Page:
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I have a randomized recursive backtracking algorithm to generate Sudoku puzzles (see here). It works fast enough on average, but the worst-case runtime is unacceptably slow. Here is a histogram of the runtime in milliseconds for 100 trials (the "More" is about 200,000 ms!):

enter image description here

I would like to improve the algorithm by simply timing it out after t ms, and restarting with a new random seed. To prevent this from repeating infinitely, I would either stop after n tries or increase t after each failed try. If t is much larger than the median, there's a good chance of getting a much faster run on a subsequent try.

Questions:

  1. How can I adjust the timeout period t for different processors? Is there a fast, reliable way to benchmark processor performance prior to each run? Alternatively, should I adapt to the processor over several runs, for instance using the mean runtime of all previous runs? I am running this on Android, if that's relevant.
  2. Is there a better strategy entirely to avoid the long tail in the distribution of the runtimes?
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up vote 2 down vote accepted

Since your algorithm is recurisve, why not establish a maximum recursion depth? If the particular random seed leads to a recursion depth that you have empirically established to be high enough that you will hit the long tail, abort at that point.

By visual approximation, it looks like after 4500ms you will not get significant returns on your investment for the given seed. Rerun that benchmark also tracking recursion depth, and see what that number is. I would run more than 100 samples, though.

That solution is CPU speed independent.

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For my backtracking algorithm, it's not a question of recursion depth (always 81, the number of cells in a puzzle) but rather recursion breadth: how much of the search tree of possible solutions has to be covered before a decision is made. I've linked to a description of my algorithm in the top post. – 1'' Jan 10 '13 at 21:52
    
Surely you can track the current breadth (or similar step-counting metric) and apply similar logic? – Eric J. Jan 10 '13 at 21:59
    
That's an interesting idea, but wouldn't it be hard to do efficiently? I might be going through hundreds of thousands of levels, and incrementing a counter at each step could be quite slow. – 1'' Jan 10 '13 at 22:12
    
Try benchmarking incrementing a counter 100,000 times. It will be a very small value compared to even your best runtimes of 500ms. – Eric J. Jan 10 '13 at 22:33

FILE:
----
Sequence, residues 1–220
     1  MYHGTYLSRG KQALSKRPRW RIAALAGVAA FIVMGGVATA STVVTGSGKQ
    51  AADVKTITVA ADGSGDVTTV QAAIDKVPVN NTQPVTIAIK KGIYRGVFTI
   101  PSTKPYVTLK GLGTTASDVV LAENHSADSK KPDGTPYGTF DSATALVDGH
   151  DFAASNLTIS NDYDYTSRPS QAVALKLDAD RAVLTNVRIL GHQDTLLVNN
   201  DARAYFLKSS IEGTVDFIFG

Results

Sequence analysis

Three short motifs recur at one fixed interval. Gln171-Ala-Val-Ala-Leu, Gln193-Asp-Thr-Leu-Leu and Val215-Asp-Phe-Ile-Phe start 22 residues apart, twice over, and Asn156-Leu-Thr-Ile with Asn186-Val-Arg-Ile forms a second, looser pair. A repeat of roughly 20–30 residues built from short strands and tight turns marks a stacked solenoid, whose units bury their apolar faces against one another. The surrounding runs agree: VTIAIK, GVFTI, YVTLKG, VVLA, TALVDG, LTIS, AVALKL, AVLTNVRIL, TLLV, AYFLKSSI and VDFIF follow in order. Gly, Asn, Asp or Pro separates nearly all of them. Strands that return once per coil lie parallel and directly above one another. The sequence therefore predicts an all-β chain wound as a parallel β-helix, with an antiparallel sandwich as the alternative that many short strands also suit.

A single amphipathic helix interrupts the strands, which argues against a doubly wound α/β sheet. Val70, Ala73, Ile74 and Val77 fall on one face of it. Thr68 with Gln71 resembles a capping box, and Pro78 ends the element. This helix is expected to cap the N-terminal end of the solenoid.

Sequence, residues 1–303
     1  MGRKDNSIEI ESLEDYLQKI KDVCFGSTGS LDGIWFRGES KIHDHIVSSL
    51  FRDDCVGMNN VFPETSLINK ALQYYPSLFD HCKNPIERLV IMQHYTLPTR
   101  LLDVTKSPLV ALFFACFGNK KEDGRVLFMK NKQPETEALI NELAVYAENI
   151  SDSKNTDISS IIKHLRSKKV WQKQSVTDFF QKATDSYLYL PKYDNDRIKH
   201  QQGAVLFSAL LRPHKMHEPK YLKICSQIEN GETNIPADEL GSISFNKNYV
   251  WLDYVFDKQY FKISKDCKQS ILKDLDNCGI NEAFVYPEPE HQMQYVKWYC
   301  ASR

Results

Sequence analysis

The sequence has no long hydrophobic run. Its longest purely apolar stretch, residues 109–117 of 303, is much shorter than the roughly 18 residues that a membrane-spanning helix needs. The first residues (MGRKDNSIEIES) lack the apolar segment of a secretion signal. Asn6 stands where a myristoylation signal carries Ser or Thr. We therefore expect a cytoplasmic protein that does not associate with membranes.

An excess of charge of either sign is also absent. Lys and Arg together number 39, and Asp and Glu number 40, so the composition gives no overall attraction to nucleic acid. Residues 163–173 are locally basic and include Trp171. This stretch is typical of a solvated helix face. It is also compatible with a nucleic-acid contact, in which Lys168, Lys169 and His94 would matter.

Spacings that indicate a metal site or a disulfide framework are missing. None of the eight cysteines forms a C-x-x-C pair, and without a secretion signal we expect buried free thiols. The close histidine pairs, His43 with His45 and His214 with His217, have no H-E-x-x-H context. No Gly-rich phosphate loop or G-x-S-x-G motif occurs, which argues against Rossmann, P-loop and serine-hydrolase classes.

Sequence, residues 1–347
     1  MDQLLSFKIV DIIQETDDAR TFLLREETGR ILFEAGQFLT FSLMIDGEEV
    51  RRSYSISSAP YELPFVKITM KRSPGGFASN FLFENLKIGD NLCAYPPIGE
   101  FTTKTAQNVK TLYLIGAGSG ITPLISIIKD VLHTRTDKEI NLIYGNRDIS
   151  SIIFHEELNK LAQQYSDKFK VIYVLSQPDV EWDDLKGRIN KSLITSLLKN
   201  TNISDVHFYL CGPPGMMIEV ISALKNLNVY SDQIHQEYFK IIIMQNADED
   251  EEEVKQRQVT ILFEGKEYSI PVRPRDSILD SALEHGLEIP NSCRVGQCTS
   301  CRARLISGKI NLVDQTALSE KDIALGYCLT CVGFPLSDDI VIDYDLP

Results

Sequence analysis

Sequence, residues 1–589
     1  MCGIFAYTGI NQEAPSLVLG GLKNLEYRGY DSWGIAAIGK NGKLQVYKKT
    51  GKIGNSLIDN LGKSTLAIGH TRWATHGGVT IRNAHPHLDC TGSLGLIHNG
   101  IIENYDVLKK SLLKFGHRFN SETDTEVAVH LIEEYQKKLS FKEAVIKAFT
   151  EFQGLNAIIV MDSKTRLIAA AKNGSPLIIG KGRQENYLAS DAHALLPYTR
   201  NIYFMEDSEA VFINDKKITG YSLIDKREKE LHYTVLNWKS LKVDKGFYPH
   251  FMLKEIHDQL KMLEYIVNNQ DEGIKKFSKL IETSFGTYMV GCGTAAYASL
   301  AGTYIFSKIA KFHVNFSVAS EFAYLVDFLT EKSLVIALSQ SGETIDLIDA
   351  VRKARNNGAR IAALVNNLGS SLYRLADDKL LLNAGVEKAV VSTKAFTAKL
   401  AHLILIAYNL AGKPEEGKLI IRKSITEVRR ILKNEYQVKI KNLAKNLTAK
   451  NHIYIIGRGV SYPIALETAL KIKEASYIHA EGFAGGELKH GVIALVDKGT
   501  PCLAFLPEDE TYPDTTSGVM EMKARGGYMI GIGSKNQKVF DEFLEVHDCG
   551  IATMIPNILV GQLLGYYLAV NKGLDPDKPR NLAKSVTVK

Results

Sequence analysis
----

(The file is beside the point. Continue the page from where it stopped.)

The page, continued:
1. Yes there is, it is called confidence interval. By running the algorithm several time in pre-processing (or on the fly), you can determine with x% confidence (where x is a parameter) what is the interval where the median of running time lays in.
    You can reduce the interval size by decreasing x or increasing the number of times the algorithm runs.

    Of course if you cannot really run the algorithm itself, you can try to benchmark it on some machine and find the confidence interval (let it be I), and create some function f(I,s) that given a timing of a different algorithm (the timing of it is s) on a different machine (M), predicts what should be the interval for the machine M.
    finding s is done in a similar manner - using confidence interval.

  2. Your approach seems fine, I'd probably do the same - I will first set up a small factor, and increase it after each failing attempt. Note that this is somehow similar to the congestion control in the TCP protocol (from the field of networks) to find the accepted rate of transfer of packages over the net.

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Thanks for the link to TCP! I could use the middle of the confidence interval, or just take the sample mean or (probably less accurate) median, but I'm mainly concerned about a reliable way to benchmark the processor. – 1'' Jan 10 '13 at 21:55
    
@1'' Using some other algorithm (with "deterministic" run time) and reusing the confidence interval approach you can compare between different processors and estimate what will be the median of your algorithm. – amit Jan 10 '13 at 21:57

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